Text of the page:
This means there is an imbalance due to an excess of certain fungi, yeasts or bacteria which affects the body. By eating certain probiotic foods or taking probiotics, you can rebalance this relationship.
Health promoting effect
Probiotic bacteria offer a wide range of therapeutic applications, which are either based on the colonization of the gastrointestinal tract or the positive influence on the immune system.
According to several studies, taking probiotics has the following health benefits:
- Strengthening the immune system
- Less common colds and flu infections
- Promote digestion
- More energy through the production of vitamin B12
- Flatulence reduction
- Reduction of hypersensitivity to allergies
- Combating food-borne diseases
- Healing leaky gut syndrome and inflammatory bowel disease
- Lowering cholesterol
- Improvement in glucose metabolism
- Protection against insulin resistance
- Weight loss in overweight patients
- Improvement in metabolic disorders
- Alleviating the symptoms of upper respiratory tract infections
- Prevention of bone loss associated with osteoporosis
- Increase in antibodies contained in saliva that protect against caries
- Prevention of tooth decay and periodontitis
- Control and containment of colonization of the intestine by Helicobacter pylori
- Healthier skin as probiotic bacteria naturally reduce eczema and psoriasis
- Improving Acne
- Control and containment of pathogenic bacteria in cystic fibrosis
A lack of good bacteria in the gut is also known as dysbiosis. If the resident flora is out of balance, potentially pathogenic germs can spread.
The potentially disease-causing germs such as Klebsiellae are always found in a healthy intestine. However, the probiotic microorganisms such as lactobacilli or bifidobacteria consume the largest space here and prevent the other bacteria from spreading.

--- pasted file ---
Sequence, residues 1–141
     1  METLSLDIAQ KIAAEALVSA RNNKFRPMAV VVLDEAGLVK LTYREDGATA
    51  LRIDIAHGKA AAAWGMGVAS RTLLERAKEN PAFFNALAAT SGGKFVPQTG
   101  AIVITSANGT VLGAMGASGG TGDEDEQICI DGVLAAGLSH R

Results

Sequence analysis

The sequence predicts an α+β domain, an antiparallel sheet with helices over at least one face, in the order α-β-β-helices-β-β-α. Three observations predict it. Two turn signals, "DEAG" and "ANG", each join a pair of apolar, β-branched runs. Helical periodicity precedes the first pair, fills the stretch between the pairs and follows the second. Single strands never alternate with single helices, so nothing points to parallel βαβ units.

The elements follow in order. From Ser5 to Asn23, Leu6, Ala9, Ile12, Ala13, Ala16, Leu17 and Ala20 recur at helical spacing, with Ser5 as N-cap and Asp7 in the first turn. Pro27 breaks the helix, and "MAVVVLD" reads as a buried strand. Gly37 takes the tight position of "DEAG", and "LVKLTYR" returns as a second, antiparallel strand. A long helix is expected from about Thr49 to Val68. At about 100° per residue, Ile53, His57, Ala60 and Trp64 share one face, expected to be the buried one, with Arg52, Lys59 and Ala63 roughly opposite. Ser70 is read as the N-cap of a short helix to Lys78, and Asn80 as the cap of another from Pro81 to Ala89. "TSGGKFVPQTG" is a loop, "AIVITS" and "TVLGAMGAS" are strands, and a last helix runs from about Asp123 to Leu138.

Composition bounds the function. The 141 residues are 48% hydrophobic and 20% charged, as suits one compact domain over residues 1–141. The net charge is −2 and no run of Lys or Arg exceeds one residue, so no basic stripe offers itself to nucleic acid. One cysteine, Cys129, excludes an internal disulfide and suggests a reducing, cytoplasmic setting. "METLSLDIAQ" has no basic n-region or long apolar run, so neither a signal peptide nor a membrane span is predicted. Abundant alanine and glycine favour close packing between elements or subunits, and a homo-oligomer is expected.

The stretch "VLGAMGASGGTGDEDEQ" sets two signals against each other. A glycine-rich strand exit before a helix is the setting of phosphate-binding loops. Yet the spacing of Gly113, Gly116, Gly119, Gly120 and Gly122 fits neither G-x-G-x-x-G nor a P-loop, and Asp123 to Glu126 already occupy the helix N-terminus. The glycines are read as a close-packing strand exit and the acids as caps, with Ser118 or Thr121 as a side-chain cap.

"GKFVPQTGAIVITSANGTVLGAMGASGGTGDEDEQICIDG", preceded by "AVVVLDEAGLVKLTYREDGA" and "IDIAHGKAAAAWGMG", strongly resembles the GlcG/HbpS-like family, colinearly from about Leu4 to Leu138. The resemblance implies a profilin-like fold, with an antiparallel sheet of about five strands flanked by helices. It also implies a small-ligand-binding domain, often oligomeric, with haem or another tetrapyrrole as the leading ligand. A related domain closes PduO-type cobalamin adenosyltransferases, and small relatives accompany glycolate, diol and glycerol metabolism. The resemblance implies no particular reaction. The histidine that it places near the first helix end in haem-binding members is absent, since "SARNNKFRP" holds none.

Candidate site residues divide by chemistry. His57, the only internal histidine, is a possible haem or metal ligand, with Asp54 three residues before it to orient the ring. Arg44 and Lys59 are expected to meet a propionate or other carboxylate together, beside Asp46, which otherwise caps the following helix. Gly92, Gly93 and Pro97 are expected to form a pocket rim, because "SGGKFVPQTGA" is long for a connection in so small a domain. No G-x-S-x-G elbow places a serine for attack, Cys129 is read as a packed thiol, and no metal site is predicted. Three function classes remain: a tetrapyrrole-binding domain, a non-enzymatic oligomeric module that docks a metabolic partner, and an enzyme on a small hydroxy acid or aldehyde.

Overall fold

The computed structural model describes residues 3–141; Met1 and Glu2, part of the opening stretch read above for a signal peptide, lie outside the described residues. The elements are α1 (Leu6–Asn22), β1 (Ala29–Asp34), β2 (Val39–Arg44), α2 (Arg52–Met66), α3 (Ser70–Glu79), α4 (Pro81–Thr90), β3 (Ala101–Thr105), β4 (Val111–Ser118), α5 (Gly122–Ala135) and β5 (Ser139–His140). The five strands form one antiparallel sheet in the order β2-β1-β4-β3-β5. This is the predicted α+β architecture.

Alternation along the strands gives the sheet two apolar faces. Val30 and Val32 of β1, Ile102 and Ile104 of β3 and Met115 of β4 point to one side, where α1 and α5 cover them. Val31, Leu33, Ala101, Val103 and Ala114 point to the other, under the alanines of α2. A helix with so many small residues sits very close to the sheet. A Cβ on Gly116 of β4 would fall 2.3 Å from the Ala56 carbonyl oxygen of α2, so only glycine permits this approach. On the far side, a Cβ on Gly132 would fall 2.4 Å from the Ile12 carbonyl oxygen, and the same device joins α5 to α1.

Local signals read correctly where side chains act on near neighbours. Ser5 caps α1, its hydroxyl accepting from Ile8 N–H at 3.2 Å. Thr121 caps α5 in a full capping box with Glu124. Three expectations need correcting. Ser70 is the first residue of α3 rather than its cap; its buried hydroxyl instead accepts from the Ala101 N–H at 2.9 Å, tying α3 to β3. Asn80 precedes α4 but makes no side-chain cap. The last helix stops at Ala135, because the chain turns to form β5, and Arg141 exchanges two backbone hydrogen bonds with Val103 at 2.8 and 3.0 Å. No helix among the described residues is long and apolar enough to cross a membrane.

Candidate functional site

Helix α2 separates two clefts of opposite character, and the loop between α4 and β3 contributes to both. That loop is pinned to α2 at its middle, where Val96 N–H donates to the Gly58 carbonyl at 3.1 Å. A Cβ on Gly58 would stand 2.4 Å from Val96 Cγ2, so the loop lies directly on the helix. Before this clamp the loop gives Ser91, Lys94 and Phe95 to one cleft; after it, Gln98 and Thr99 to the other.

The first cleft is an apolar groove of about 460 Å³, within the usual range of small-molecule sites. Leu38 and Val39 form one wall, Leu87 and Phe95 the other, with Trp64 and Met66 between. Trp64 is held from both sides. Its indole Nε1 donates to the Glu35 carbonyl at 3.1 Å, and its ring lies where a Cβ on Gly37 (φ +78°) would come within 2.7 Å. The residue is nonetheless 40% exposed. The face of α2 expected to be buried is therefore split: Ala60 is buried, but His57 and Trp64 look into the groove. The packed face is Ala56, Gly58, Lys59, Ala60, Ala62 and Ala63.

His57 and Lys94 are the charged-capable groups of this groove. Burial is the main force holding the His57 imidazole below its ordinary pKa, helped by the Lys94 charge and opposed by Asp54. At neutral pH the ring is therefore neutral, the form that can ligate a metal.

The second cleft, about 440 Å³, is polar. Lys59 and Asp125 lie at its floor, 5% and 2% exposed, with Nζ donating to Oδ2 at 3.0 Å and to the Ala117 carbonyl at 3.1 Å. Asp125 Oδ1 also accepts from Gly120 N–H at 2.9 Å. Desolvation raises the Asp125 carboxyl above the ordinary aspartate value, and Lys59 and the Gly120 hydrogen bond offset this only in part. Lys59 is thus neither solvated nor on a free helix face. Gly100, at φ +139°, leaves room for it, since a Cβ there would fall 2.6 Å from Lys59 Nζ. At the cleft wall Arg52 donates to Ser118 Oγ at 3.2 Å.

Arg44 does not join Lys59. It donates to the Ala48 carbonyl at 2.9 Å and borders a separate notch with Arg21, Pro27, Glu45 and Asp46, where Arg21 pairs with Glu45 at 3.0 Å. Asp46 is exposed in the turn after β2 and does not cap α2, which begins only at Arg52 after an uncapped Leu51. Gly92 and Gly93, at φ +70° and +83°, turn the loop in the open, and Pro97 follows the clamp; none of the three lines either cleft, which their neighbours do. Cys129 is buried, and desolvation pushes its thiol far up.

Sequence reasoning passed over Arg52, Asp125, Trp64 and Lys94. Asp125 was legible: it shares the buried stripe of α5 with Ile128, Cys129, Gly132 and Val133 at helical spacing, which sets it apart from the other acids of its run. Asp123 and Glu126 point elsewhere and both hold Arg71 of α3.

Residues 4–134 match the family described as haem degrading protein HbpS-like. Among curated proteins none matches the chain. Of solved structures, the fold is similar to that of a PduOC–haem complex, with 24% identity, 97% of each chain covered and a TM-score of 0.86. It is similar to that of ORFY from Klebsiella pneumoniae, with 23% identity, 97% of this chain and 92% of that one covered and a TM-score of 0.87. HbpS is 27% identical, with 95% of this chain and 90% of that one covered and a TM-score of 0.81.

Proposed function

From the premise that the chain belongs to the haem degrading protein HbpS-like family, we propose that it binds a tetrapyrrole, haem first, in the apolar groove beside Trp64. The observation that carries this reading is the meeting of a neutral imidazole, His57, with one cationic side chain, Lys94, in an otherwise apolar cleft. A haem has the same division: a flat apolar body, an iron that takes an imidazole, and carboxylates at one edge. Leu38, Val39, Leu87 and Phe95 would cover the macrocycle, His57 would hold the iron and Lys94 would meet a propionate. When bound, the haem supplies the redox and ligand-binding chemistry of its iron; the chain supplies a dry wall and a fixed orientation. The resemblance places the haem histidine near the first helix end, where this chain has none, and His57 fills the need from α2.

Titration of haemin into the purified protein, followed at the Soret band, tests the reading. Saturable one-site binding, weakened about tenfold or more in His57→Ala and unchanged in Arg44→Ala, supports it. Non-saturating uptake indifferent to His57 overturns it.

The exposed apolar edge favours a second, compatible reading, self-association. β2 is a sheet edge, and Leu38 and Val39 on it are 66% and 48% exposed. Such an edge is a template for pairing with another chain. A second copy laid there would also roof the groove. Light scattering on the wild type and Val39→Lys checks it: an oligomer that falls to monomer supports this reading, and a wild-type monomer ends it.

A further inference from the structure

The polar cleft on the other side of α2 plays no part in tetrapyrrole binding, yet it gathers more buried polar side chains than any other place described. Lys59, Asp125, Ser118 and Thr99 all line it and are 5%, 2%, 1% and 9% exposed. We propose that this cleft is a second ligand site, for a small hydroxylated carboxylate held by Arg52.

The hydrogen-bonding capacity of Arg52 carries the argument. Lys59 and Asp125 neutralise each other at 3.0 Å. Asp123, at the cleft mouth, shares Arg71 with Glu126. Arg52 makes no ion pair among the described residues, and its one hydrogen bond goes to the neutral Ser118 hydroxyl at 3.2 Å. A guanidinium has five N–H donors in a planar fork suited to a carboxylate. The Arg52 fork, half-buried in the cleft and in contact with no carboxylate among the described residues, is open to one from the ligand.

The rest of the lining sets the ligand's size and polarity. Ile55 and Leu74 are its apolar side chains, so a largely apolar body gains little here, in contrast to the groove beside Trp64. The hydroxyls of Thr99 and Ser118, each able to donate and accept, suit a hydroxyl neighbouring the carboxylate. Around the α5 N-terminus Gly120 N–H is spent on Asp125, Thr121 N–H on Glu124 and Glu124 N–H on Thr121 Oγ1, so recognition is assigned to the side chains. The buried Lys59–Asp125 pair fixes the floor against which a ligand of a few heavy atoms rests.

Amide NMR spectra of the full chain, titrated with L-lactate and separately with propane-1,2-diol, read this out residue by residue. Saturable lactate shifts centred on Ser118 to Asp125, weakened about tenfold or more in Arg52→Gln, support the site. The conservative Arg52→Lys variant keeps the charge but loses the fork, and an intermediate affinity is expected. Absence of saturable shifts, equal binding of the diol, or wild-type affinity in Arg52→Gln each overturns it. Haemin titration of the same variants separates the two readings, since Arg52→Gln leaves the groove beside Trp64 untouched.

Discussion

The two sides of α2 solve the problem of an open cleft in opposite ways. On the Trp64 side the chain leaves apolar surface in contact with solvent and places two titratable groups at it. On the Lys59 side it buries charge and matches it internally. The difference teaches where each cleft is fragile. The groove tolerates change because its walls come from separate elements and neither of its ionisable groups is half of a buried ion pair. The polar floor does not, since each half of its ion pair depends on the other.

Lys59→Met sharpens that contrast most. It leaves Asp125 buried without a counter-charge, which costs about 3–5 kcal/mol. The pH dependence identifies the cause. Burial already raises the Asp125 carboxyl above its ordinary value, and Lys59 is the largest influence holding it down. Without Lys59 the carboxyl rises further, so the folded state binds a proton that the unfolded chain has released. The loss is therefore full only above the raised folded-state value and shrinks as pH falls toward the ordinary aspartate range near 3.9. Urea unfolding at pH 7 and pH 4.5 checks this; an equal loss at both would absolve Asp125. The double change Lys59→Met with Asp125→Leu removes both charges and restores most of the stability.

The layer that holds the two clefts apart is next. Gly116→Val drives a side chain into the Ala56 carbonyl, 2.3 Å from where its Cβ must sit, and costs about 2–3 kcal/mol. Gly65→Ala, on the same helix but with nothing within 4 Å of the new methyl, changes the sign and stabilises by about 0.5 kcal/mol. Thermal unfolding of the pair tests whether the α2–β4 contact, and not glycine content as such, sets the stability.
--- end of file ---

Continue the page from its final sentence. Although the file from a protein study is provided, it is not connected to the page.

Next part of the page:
If there is a lack of these resident germs, other bacteria or yeasts and molds can multiply unhindered. Many bad bacteria and also fungi form various toxic metabolites such as ammonia. This can put a noticeable strain on the organism.
Probiotics deficiency: The consequences
An imbalance in the intestinal flora has far-reaching consequences. On the one hand, digestive performance can be disturbed. There are problems with fat, carbohydrate or protein digestion. People with dysbiosis often suffer from changing stools, diarrhea, constipation, abdominal cramps or flatulence.
There also seem to be connections between intestinal dysbiosis and serious intestinal diseases such as Crohn's disease and ulcerative colitis. Even in patients with irritable bowel syndrome, the intestinal flora often shows little diversity.
Since the intestinal flora also plays an important role for the immune system, dysbiosis is often associated with an increased susceptibility to infections. If improper colonization leads to a permeable intestinal barrier, food intolerances, allergies or autoimmune diseases can arise.